Adults are listed as “semiaquatic,” they’re found on leaves around the edges of shallow wetlands. How do they get around? Researcher Haripirya Mukundarajan, who studied the physics of the beetles’ movement over the water, calls it “waterskiing.” The WLLB lifts its middle pair of legs, raises its elytra (wing covers), angles its body upwards, and uses its flying wings to scoot along the surface film at a half-meter per second (500 km/hour in human terms). It’s reminiscent of a diving duck running across the water in order to gain lift, but the beetle has no intention of taking to the air. The beetles, says Ms. Mukundarajan “move so fast that they interact with the ripples generated by their own motion, which increases drag and causes a bumpy ride. It’s as if surface tension acts as a pogo stick that the beetle is jumping on.” According to the study, the beetles’ strong wings “allow them to produce a lot of lift while counteracting drag from the surface. And their legs are covered with tiny hairs that repel water while a claw at the tip is hydrophilic [water-loving], allowing them to pin themselves to the surface of the water. This structure is critical for the beetle to maintain its level exactly on the water surface.” See the video at https://www.newscientist.com/article/2079427-the-secret-of-beetles-that-waterski-so-fast-they-vanish/. Practical applications? According to the article, “understanding the motion of the beetles could help us develop robots that move across water quickly. Many current designs are based on water striders, which move more slowly.”
The WLLB comes from a distinguished lineage. According to bugguide.net, the “beetles have been raised in the lab on Purple Loosestrife (Lythrum salicaria),” and two European Galerucella (“Cella”) beetles, Galerucella pusilla and Galerucella calmariensis, are presently being raised for release on purple loose strife on these shores.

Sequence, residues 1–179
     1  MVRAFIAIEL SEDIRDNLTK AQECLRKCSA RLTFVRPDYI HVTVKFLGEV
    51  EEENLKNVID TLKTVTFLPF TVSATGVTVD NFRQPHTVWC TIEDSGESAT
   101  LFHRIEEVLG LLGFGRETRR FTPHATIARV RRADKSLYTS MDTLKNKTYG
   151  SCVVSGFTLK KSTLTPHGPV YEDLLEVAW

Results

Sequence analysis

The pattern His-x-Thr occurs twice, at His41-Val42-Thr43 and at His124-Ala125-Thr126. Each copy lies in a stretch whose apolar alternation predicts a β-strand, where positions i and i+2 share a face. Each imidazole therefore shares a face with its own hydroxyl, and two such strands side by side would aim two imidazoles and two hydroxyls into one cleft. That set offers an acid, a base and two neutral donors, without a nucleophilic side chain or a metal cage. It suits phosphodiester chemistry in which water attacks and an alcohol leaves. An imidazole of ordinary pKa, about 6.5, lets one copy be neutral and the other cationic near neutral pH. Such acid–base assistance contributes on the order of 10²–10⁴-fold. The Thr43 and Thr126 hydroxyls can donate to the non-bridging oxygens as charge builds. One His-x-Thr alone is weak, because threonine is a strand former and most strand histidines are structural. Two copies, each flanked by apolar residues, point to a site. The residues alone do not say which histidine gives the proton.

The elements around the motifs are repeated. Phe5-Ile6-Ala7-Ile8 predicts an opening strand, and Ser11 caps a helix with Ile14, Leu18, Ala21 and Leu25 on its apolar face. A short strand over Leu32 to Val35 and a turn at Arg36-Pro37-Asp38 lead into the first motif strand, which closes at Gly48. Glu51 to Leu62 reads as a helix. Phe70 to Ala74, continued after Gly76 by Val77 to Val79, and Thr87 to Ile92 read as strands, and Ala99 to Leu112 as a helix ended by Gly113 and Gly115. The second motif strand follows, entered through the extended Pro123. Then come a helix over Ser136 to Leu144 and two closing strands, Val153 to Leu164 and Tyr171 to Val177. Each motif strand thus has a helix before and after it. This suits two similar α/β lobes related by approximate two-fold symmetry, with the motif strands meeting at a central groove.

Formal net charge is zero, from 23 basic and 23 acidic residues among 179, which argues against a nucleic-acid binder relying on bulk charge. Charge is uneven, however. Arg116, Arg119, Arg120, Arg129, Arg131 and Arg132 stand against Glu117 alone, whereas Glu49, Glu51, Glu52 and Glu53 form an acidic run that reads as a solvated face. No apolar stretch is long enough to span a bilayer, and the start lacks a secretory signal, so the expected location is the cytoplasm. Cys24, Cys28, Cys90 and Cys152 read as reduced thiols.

And then there’s water chestnut, an invasive aquatic plant in Northeastern North America whose seed pod you do not want to encounter while barefoot https://nas.er.usgs.gov/queries/greatlakes/FactSheet.aspx?SpeciesID=263&Potential=N&Type=0. The WLLB has been suggested as a control for Water chestnut. In a study to determine whether Galerucella birmanica, a related beetle from Asia, should be introduced to control water chestnut, the native beetle acted as a testing surrogate. Turned out that Galerucella nymphaeae larvae were eaten with gusto by backswimmers and by a ladybug called the spotted or the pink spotted (but not the pink–spotted) lady beetle, preventing larval populations from rising to the levels needed for biocontrol. It didn’t help that while larval Galerucella nymphaeae will feed naturally on water chestnut, their survival rate there is very low. Water chestnut leaves are small and get eaten faster, which results in more frequent leaf-switching, which results in more larval drownings. Also, adults reared as larvae on the exotic water chestnut reverted to native plants when given a chance. Back to the drawing board (but, the BugLady is heartened that these experiments were carried out, rather than simply importing the Asian species and throwing it out into the field to see what would happen, like we did in the bad old days).
A European study painted a picture of coots, swimming among the water lily leaves, picking the beetles/pupae/larvae off of the leaves.
Kate Redmond, The BugLady
Bug of the Week archives: